My Uncle Roy loved to tell (and retell) the following joke: “Two birds were sitting on a fence. One was named ‘Pete;’ the other ‘Re-Pete.’ ‘Pete’ flew away. Who was left?” We’d answer “Re-Pete (repeat).” Then he would say, “Two birds were sitting on a fence…” And so on and on as long as we would answer him. Even now I have to chuckle at that one.
I am a firm believer in the benefits of repetition. I truly appreciate when the people I respect take the time to remind me of best practices, be they health habits, exercise, interpersonal relationships, communication styles, and yes, even basic investment principles.
I think most people understand at some level the basic investment notions of diversification, risk management, valuation and so forth. And yet, I often see otherwise highly-intelligent people with less-than-highly intelligent portfolios. Sometimes the portfolio is simply unfocused – a smattering of well-known names, probably selected due to the company’s high profile, attractive products or good standing in the corporate world. Sometimes the portfolio will be focused on one single idea, such as high-dividend-yield stocks, energy stocks or the biggest names from one overseas country. Sometimes I meet the hyper-indexed portfolio, put together by someone who thinks 1) the market is efficient and 2) outperforming the market is impossible (both of which are subject to debate). Where one broad index fund might be sufficient, the hyper-indexer will own 20 – “just to be safe.” Sometimes, I meet a portfolio with a handful of stocks, one of which represents about 60% of the total. This investor may think the portfolio is diversified (Hey, I own 7 stocks!), but this kind of portfolio may be the riskiest of all the sub-optimal portfolios I see.
For the most part, these kinds of portfolios are underbalanced, undermanaged, and under-diversified, characteristics that often lead to underperformance and can undermine one’s long-term financial plans.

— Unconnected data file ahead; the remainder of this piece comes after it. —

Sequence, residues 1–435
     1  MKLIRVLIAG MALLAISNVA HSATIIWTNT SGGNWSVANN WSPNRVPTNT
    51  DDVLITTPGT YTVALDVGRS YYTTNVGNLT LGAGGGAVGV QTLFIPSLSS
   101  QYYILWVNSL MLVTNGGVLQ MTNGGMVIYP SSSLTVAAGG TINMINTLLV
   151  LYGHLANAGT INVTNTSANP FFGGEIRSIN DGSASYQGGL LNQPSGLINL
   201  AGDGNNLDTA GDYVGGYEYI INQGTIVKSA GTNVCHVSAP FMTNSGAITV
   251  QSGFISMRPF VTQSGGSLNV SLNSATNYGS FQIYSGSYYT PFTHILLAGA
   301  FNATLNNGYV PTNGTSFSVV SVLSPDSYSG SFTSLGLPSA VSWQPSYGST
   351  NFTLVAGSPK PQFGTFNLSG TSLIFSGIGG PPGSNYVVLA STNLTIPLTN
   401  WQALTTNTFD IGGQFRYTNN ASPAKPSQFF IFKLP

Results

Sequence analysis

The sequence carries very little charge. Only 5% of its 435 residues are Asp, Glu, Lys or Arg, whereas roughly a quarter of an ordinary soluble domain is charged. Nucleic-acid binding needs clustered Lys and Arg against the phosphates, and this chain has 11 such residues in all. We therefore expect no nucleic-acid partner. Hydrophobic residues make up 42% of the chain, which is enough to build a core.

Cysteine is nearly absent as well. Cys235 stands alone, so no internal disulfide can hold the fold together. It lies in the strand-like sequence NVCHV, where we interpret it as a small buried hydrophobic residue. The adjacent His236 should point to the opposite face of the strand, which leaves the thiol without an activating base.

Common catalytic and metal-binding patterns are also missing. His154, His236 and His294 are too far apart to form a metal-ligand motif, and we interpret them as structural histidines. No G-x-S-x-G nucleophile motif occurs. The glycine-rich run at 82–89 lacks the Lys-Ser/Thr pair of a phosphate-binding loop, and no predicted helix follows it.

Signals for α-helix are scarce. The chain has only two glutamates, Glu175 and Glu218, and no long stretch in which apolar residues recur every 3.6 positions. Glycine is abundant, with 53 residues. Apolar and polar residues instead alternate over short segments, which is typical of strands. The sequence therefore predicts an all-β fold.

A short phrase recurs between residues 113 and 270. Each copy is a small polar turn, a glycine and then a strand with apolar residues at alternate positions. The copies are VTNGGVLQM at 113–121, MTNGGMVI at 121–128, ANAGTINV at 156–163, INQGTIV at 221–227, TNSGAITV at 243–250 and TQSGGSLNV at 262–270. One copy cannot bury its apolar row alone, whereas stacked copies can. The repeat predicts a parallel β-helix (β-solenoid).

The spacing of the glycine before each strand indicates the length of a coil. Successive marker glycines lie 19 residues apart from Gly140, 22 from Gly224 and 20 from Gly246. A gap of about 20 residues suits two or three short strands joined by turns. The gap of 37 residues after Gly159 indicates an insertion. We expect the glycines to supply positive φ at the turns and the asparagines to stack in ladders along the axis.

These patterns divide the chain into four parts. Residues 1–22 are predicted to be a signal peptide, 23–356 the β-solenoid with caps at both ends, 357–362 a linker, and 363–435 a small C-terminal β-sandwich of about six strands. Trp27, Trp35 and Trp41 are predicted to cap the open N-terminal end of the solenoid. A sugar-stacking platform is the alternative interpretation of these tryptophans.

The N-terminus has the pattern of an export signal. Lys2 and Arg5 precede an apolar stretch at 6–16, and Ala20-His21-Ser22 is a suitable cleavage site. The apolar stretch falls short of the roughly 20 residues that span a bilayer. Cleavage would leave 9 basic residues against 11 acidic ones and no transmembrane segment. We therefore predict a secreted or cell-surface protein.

In order to be truly balanced, a portfolio needs a number of key elements. First is a fixed asset allocation. Many will debate this point with me, but I think asset allocation should be based on a person’s risk tolerance, not on how he or she feels about the markets. One’s asset allocation may vary over a lifetime, as core risk tolerance changes, but it should not be changed during a market cycle. The second key element is adequate diversification. A mutual fund portfolio with as few as 8 funds may offer sufficient diversification. An individual equity portfolio should have at least 30 names to reduce non-systemic risk. Owning a whole lot more than 30 names rarely provides additional meaningful risk reduction. The third element of a portfolio in balance is some kind of rebalancing regime. For example, when one asset class becomes a higher percentage of one’s portfolio than the target allocation calls for, one should sell a portion of it, and put the proceeds into the other assets classes. In an individual stock portfolio, when one stock becomes much larger (through outperformance – yay!) than others in the portfolio, what should one do? A disciplined rebalancing routine would have one sell a portion of that stock and deploy the profits elsewhere among existing stocks or even into new names.
This rebalancing may seem a bit contrary to some of the old “rules of thumb” we hear sometimes about investing, such as “let your winners run,” or “cut losses on your losers.” In my view, there are so many such “rules” that following all of them would be nearly impossible. Sometimes they might apply to short-term traders, but not to long-term investors. Following the guidelines I’ve suggested will more often result in “buying low and selling high,” something we can all agree is a good thing.
But what about all those capital gains generated by “selling high?” Well, as my good friend Scott Bush often would say, “No one ever went bankrupt by paying capital gains taxes!” The good news with realization of capital gains is that you are making money! The better news is that the U.S. IRS taxes long-term capital gains at a lower rate than ordinary income. As painful as paying capital gains taxes may be (I would argue this is less pain than losing money!), not rebalancing will often lead to a portfolio that is less balanced, and hence potentially much riskier than the investor would like.
To paraphrase an old saying, “The market giveth and the market taketh away…” Sometimes it’s wise to take profits when the market offers them to us.